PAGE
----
Autism spectrum disorders (ASD) are social communication difficulties which affect a person’s ability to understand socially appropriate behaviour. Therefore individuals with the condition are not necessarily aware, of or constrained by, the social rules which are observed by those who do not have an ASD. This presents difficulties for their development of sexual identity, sexual orientation and generally accepted sexual behaviours. These difficulties in turn influence the individual’s opportunity and availability for romantic and intimate relationships. Individuals with autism spectrum disorder typically have few or no friends and find it difficult to understand or follow the unwritten rules of sexual and relationship behaviour. They may engage in unacceptable behaviours in attempting to initiate romantic relationships and persist in pursuing a relationship even when it is very clear that the other person is not interested. This may lead to allegations of pestering, inappropriate physical contact or stalking.
People who have an ASD also have difficulties seeing situations from another person’s point of view. This can mean that they are unable to consider another person’s feelings, or they may think this person feels the same way as they do. For example, an individual with an ASD may have seen people kissing in the street; later they might approach someone they like, either someone known to them or a stranger, and kiss them. This might cause embarrassment or offence to the intended person, and their reaction may cause confusion and disappointment for the individual with autism. Perhaps they expected a more positive response: to be kissed or hugged back, as they saw happen with the couple on the street. Such examples demonstrate the complexities of socially appropriate behaviour. Individuals on the autism spectrum may need to be steered and supported by those around them to remember not to act on their impulses.
Several other characteristics of people with ASD interfere with the capacity to develop adult social relationships, which are necessary for developing sexual, intimate relationships.
Most significant is difficulty with social judgment, for example, missing nonverbal communication, poor eye contact, theory of mind (one’s ability to perceive how others think and feel, and how that relates to oneself) problems, and flexibility in responding to another person or situation. Lack of experience in peer relationships prevents the development of the usual ways through which adolescents learn about sexuality – from each other and from experimentation. Poor decision-making skills make it difficult to maintain the everyday details of a relationship, such as initiating dates, or remembering plans. Lack of flexibility and self-absorption, create significant areas of conflict in a potential relationship. Unregulated emotions, resulting in feelings that are too intense, or possibly misplaced, together, with a lack of awareness of the other’s response can prevent a relationship developing or quickly bring one to an end.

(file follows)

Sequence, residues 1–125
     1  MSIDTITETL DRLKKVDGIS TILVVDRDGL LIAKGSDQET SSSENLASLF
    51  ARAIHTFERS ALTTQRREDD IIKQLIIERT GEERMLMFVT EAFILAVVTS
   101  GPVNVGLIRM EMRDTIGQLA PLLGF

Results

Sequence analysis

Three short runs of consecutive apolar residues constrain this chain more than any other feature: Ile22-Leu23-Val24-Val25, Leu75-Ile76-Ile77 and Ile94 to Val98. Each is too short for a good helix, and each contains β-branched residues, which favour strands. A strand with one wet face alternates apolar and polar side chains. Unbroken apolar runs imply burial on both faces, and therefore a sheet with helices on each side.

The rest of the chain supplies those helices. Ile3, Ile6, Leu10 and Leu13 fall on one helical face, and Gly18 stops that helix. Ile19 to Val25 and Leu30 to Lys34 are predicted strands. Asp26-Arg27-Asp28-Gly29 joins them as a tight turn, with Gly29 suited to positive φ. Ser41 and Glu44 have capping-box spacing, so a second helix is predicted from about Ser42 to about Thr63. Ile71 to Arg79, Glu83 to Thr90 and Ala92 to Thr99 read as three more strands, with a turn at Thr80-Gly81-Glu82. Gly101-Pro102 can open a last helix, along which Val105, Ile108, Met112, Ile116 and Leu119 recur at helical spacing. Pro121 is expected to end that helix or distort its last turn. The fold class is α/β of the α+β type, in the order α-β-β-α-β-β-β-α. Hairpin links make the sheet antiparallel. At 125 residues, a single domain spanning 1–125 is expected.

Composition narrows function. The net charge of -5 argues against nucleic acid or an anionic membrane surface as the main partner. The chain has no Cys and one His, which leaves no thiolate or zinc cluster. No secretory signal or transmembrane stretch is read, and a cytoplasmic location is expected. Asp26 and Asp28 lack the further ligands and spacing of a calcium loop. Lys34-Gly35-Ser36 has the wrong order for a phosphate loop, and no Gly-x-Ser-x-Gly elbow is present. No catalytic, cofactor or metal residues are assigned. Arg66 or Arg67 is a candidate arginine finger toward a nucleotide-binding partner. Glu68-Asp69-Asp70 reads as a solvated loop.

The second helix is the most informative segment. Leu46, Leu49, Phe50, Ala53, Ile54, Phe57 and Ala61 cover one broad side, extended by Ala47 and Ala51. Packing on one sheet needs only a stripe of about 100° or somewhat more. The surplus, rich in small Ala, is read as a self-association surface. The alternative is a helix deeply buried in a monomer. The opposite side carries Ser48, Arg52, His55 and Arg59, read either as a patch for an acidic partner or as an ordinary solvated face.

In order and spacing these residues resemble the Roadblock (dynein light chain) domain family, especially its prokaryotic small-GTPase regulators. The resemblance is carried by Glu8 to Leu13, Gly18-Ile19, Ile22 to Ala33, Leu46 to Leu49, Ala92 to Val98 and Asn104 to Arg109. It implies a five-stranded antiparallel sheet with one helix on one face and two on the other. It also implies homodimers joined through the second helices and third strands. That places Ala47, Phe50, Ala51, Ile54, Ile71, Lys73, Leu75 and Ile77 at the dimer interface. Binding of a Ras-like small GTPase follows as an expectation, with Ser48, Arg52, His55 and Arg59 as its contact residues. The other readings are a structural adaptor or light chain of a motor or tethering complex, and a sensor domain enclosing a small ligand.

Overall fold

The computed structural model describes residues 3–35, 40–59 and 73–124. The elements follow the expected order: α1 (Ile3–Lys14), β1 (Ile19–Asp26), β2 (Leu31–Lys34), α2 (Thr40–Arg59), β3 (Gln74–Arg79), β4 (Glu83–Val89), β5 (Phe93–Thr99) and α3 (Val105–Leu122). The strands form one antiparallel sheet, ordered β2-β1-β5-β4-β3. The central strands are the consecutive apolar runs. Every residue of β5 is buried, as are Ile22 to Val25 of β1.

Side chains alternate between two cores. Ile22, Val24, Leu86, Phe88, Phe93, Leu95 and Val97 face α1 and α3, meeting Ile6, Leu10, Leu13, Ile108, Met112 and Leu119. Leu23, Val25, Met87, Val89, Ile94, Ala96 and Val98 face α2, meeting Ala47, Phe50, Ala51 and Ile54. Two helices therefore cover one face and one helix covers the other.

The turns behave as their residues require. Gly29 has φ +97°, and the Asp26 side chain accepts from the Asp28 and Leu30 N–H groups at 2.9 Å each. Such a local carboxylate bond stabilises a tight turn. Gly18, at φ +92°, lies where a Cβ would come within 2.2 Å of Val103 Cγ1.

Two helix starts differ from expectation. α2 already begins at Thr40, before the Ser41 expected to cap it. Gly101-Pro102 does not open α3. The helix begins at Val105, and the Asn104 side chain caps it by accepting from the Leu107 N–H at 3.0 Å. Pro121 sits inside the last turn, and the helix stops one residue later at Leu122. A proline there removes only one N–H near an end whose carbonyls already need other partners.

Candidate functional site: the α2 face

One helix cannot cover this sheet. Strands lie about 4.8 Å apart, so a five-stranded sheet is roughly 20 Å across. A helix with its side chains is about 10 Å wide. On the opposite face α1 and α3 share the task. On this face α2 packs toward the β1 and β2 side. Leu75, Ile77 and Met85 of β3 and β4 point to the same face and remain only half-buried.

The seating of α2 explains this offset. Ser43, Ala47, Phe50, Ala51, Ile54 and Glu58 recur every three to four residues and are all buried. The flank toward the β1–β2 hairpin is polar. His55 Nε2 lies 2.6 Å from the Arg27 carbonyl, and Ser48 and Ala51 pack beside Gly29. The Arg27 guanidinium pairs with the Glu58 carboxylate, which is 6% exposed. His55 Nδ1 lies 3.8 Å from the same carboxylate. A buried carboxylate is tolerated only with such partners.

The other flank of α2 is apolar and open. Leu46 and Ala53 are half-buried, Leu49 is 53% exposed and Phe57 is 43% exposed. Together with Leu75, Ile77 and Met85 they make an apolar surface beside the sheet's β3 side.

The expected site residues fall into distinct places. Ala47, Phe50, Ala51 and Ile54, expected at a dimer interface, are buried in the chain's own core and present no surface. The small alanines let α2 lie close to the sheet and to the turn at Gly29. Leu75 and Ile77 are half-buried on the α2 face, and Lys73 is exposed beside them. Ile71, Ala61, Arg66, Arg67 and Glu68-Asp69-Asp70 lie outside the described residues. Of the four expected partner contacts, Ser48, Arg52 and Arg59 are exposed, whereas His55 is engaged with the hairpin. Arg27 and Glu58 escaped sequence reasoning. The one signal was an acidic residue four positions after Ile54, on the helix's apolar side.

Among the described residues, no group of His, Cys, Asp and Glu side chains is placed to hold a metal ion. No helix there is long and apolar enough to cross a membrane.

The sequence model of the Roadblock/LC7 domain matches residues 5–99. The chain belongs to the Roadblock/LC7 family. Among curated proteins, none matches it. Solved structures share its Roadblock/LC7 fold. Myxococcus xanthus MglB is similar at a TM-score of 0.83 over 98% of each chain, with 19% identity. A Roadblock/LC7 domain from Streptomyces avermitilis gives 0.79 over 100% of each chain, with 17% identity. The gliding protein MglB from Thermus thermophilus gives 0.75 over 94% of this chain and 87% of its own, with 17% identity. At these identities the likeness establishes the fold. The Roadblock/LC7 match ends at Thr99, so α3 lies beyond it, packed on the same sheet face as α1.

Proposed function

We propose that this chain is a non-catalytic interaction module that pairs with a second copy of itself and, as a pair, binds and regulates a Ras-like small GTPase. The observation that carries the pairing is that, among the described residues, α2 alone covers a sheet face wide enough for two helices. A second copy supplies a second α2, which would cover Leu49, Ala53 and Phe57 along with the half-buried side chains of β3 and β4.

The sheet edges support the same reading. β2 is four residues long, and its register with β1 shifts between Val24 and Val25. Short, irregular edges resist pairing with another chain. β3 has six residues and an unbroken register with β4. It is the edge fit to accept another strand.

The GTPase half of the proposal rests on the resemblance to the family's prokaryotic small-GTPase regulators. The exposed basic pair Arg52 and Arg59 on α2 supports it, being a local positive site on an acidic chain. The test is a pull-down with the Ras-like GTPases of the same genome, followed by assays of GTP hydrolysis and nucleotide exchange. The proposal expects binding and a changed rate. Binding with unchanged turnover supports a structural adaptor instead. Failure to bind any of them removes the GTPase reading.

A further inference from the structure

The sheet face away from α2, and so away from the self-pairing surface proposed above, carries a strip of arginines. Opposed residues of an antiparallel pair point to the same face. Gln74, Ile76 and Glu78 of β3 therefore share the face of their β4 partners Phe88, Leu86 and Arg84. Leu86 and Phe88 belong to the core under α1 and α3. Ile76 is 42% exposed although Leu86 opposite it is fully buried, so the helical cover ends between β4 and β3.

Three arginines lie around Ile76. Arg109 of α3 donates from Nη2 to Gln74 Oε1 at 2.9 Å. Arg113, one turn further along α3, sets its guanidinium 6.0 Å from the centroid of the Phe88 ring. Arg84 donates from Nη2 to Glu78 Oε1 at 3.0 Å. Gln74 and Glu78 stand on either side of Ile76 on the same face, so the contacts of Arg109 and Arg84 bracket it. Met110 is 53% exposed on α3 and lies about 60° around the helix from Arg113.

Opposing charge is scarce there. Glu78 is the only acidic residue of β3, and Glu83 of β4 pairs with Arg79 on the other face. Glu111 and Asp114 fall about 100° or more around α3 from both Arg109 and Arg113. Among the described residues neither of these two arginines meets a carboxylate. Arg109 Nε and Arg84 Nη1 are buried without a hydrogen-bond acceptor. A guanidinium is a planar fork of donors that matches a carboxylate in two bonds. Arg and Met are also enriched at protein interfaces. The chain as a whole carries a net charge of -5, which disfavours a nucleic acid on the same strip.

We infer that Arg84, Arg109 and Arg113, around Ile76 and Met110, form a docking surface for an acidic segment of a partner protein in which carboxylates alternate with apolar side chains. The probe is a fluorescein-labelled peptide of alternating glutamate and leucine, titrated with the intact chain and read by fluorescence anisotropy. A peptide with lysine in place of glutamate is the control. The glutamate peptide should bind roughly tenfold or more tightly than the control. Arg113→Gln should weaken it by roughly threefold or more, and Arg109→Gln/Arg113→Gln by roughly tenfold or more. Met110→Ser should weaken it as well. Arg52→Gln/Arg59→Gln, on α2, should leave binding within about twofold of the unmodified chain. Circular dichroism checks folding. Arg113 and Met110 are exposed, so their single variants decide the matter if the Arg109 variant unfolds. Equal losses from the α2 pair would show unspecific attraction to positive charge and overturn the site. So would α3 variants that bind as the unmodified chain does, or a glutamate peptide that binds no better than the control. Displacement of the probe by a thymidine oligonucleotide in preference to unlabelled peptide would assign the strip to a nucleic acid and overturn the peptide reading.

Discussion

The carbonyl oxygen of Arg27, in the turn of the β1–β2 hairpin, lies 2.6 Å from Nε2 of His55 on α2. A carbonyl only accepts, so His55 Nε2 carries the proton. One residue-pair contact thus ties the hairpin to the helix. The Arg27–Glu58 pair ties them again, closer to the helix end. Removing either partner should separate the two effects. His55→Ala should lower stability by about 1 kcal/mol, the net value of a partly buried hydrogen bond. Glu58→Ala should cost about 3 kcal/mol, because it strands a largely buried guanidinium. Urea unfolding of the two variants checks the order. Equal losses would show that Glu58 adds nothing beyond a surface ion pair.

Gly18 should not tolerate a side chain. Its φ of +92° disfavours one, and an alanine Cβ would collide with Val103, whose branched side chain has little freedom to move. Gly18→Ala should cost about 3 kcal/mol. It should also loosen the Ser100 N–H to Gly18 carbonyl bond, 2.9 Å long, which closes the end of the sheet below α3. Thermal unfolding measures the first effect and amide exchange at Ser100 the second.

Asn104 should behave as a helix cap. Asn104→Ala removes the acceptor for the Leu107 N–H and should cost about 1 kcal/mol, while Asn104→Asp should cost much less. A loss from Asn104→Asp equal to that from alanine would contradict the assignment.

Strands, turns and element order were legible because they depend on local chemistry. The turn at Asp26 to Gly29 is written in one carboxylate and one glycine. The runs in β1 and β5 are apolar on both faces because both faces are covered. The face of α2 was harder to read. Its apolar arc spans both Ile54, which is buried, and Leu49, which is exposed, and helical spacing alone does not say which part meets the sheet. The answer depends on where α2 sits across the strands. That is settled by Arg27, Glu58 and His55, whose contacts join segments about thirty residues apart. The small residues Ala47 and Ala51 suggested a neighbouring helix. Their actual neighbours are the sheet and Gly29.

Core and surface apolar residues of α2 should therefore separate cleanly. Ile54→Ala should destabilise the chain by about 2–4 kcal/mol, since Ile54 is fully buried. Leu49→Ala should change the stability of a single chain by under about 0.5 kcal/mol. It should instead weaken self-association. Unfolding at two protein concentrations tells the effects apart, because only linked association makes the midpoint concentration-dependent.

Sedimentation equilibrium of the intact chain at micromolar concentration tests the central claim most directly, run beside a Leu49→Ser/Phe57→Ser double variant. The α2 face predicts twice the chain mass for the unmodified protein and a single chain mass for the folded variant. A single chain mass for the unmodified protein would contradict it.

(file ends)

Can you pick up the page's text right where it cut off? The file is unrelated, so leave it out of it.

Many people with ASD have little self-awareness and do not understand their impact on others. People with ASD may have little knowledge about themselves. Part of what helps us create a sense of self is the ability to create an internal autobiography. People with ASD have difficulty in this area, as they frequently cannot describe their own emotions or are unaware of what they are feeling
or have difficulty controlling their emotional responses. As a result, many people with ASD lack the ability to understand themselves or respond to the social context around them. Self-advocacy, a crucial skill for maintaining one’s function in daily life, is something that can be very difficult for a person with ASD to learn. The ability to maintain personal safety without awareness of the environment or the behaviours of others can pose a significant danger.